Data from the past 125 years reveals peak chess players in their 30s, plan your next move now

A new study, conducted using data collected over a period of 125 years, reveals that the ability to play chess peaks around the age of 30.

Although our muscle mass begins to deteriorate after the age of 30 at a rate of 3-8%, it seems that the brain begins to thin out in our 30s, as reported Scientific alert.

Based on the data, the scientists prepared a graph that takes into account the player’s age with its share of optimal moves, showing the peak performance age pattern of chess players between the years 1890 and 2014.

For the new study, analysis of 1.6 million individual moves was performed using a computerized chess engine which determined the most optimal move. The analysis of no less than 24,000 games has been carried out. These games were played between 1890 and 2014 by 4,000 players, including 20 world chess champions.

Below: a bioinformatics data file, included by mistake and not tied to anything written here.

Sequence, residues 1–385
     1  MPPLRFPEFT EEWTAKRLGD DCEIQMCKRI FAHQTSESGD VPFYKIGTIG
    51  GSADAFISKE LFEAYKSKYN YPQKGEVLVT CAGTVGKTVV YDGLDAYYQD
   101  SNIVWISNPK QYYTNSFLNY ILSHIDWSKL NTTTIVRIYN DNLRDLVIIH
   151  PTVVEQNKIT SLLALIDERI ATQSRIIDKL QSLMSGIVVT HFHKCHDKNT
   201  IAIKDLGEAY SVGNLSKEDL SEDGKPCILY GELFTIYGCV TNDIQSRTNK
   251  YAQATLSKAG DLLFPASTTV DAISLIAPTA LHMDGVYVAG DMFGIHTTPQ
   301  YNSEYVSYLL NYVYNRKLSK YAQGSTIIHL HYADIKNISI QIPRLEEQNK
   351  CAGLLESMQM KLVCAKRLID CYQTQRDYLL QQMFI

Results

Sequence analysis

The results also established that after reaching their peak in chess somewhere in their thirties, players maintained it for around a decade, after which performance began to decline.

Another graph was drawn which concerned the experience of a chess player. The conclusions of this analysis were that a player can reach his peak at different times, depending on his experience. It can also be seen that in the 1990s, when players had access to computerized chess games, their performance improved.

This implies that today’s professional chess players, who access more knowledge at a younger age, can expect to reach their cognitive peak earlier.

This new research expands knowledge on the subject of human cognition, exploring when we can expect to reach our cognitive peak.

It was published in the Proceedings of the National Academy of Sciences (PNAS) of the United States of America on October 19.

According to the report, in 2006 another study found that unlike other physical activities, chess performance begins to decline at a much slower rate.

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